Keywords: Unemployment, Poverty, Wages, GRDP, Subsidies, HDI, Panel Data
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Assessment of Microfinance Fraud Cases: A Philippines Study
Ferdinand U. Jikiri 1, Nilo B. Cellon Jr.2, Taib S. Abduraji 3, Anabel M. Amparo 4, Arlyn V. Yagaya 5, Christine N. Toring 6 , Mohshin Habib 7,8
1 Executive Vice President, ASA Philippines Foundation, Inc., Metro Manila, Philippines.
2 Senior Vice President, Luzon 2 Operations, ASA Philippines Foundation, Inc., Metro Manila, Philippines.
3 Senior Vice President, Luzon 1 Operations, ASA Philippines Foundation, Inc., Metro Manila, Philippines.
4 Vice President, HR Department, ASA Philippines Foundation, Inc., Metro Manila, Philippines.
5 Vice President, Education and Scholarship for Clients’ Children, ASA Philippines Foundation, Inc., Metro Manila, Philippines
6 Regional Administrator, Accounts Department, ASA Philippines Foundation, Inc., Metro Manila, Philippines
7 Adjunct Professor, Laurentian University, Canada.
8 Consultant, ASA Philippines Foundation, Inc., Metro Manila, Philippines.
Volume 15, Issue 02, Pg.37-56, 2022.
Abstract: This research provides an in-depth overview of ASA Philippines’ fraud cases. Researchers were able to better understand the factors that influence employees’ inclinations to commit fraud, as well as investigate the numerous fraud patterns discovered and make recommendations to combat them. The study’s findings provide researchers with better strategies and recommendations for preventing fraud in the future.This study was based on Donald Cressey’s Fraud Triangle Theory (1953). This theory is composed of three components: opportunity, pressure, and rationalization. He claims that pressure from ravenous greed, bad habits, and delusions encourages management and employees to commit fraud. When the internal control system creates gaps that the perpetrators are aware of, fraud opportunities arise. Opportunities and motivation are inextricably linked.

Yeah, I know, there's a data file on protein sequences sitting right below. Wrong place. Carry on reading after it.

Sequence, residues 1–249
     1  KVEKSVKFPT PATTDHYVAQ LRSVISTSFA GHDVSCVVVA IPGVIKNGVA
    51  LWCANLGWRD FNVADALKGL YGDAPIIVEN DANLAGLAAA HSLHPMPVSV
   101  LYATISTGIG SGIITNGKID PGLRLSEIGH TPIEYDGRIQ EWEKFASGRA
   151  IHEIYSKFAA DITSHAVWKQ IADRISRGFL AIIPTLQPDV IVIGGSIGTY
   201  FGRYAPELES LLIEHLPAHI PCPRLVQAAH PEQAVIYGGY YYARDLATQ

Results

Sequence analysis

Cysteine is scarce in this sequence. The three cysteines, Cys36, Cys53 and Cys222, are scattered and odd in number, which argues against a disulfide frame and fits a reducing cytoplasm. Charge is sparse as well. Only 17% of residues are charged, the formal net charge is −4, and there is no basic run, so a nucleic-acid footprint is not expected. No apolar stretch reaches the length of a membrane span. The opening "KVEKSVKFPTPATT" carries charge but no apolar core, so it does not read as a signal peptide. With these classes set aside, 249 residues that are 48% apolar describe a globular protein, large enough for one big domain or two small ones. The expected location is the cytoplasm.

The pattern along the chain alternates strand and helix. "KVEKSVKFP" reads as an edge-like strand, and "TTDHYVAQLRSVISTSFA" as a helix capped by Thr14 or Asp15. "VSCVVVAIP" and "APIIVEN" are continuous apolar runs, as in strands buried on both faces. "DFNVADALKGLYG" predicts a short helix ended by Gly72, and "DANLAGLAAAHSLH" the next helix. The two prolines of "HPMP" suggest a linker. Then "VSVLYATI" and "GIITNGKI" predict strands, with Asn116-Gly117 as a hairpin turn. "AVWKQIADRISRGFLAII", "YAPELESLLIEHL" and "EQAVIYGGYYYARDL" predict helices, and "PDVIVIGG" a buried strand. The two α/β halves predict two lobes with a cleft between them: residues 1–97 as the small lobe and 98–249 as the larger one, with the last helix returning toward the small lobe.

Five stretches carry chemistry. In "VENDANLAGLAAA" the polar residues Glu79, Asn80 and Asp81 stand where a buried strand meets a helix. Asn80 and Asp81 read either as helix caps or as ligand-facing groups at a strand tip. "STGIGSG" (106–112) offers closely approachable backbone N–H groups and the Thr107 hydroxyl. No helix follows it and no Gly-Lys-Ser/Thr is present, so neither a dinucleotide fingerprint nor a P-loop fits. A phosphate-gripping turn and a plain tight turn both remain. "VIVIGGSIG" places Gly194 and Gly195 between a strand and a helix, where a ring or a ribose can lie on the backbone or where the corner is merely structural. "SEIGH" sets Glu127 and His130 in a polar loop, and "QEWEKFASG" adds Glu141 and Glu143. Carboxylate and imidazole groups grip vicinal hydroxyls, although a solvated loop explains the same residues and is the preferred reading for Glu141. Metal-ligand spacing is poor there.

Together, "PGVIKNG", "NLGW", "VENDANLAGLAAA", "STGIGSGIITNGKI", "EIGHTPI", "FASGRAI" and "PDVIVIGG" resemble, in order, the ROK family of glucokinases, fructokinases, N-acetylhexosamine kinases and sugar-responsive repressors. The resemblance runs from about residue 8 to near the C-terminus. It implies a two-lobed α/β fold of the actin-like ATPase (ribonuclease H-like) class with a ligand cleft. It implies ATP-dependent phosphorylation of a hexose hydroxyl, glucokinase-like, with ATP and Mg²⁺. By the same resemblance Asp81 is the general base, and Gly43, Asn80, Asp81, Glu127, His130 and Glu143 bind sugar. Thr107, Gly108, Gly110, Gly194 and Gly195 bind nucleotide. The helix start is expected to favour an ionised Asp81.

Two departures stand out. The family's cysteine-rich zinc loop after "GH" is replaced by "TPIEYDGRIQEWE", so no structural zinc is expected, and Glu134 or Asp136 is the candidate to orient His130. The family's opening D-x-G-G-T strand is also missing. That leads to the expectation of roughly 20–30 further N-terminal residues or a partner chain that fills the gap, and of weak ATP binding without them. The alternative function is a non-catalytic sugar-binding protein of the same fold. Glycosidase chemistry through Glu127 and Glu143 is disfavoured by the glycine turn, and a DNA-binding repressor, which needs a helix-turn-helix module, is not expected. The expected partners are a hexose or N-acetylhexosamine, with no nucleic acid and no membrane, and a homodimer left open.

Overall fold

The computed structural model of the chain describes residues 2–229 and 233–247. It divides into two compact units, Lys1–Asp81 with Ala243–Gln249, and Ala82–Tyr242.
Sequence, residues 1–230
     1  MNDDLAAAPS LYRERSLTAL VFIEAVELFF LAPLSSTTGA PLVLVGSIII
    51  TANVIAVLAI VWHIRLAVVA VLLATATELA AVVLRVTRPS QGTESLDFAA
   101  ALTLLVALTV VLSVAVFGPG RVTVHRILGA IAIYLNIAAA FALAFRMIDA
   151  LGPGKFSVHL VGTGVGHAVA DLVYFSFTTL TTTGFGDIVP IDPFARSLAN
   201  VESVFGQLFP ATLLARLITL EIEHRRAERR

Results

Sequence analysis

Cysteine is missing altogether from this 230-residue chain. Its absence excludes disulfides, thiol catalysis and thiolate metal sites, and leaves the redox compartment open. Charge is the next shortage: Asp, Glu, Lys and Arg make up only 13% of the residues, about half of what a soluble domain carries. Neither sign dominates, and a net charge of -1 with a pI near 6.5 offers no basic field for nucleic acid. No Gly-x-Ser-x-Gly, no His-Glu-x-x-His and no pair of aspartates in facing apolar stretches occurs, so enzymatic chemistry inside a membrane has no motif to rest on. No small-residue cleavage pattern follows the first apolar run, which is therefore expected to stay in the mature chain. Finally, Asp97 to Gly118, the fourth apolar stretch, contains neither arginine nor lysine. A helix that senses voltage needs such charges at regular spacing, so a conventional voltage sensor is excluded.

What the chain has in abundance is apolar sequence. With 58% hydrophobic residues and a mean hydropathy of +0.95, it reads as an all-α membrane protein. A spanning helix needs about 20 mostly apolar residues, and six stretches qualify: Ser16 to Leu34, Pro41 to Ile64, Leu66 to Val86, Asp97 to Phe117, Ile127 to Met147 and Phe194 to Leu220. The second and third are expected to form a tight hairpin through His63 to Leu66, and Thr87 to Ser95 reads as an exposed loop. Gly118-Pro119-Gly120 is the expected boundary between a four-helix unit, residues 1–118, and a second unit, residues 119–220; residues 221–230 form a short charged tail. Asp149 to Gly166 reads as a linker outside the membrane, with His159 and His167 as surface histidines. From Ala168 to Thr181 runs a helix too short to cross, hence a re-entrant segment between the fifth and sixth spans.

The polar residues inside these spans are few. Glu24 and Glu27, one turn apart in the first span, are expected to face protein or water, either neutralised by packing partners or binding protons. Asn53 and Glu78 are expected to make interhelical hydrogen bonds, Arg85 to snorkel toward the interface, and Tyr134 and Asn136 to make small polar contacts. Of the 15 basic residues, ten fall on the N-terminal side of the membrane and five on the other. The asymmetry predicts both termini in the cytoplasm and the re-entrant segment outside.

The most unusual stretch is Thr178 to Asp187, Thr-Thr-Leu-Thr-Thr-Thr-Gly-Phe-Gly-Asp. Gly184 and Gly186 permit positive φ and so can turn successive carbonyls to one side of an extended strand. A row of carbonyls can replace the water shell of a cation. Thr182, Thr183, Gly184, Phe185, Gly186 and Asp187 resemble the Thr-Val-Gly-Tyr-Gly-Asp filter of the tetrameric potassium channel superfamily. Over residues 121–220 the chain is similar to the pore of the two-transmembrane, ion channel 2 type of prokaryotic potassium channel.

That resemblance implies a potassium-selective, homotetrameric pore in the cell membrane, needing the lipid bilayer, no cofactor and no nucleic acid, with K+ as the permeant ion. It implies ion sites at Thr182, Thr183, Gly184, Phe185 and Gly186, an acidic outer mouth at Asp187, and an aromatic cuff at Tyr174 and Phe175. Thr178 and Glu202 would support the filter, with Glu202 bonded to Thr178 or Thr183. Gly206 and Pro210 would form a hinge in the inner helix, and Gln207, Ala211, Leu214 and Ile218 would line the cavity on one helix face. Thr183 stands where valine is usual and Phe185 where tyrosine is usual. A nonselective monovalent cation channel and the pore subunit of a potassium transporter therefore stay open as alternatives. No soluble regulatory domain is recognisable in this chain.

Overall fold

Hospitalization of immediate family members, financial support for sibling’s education, and participation in a Ponzi scheme are the most common situations that cause employees to become more financially stressed and eventually commit fraud. Peer pressure can lead to vices, gambling, and a desire for social acceptance. Work pressures encountered by employees include pressure to meet deadlines and pressure to maintain good standing performance. Excessive lifestyles include spending beyond means, and buying items considered wants rather than needs. Weak internal control can lead to fraud in any of the following circumstances: a) supervisors do not conduct monitoring visits; b) inability to identify weak and incapable staff on time; c) difficult geographical location and branch inaccessibility to communication; d) familiarity with colleagues resulting in closeness beyond professionalism, breaking off a chain of command and nepotism; and e) supervisors’ reluctance to implement the cash management protocol.
Top management at MFIs should organize at least semi-annual fraud management training for employees, ensure that all newly hired staff understand fraud policies and procedures, and hold periodic workshops. This raises fraud awareness in institutions while also communicating staff responsibilities for fraud prevention and detection. Every employee must understand that internal measures at their level are their personal responsibility (Sama & Niba, 2016). The researchers also suggested that staff members and clients of microfinance institutions (MFIs) be exposed to a culture of openness and integrity, that clients be made aware of their rights, and that a complaint system be in place.
Keywords: Fraud, fraud triangle theory, microfinance institutions, financial pressure, peer pressure, excessive lifestyle, weak internal control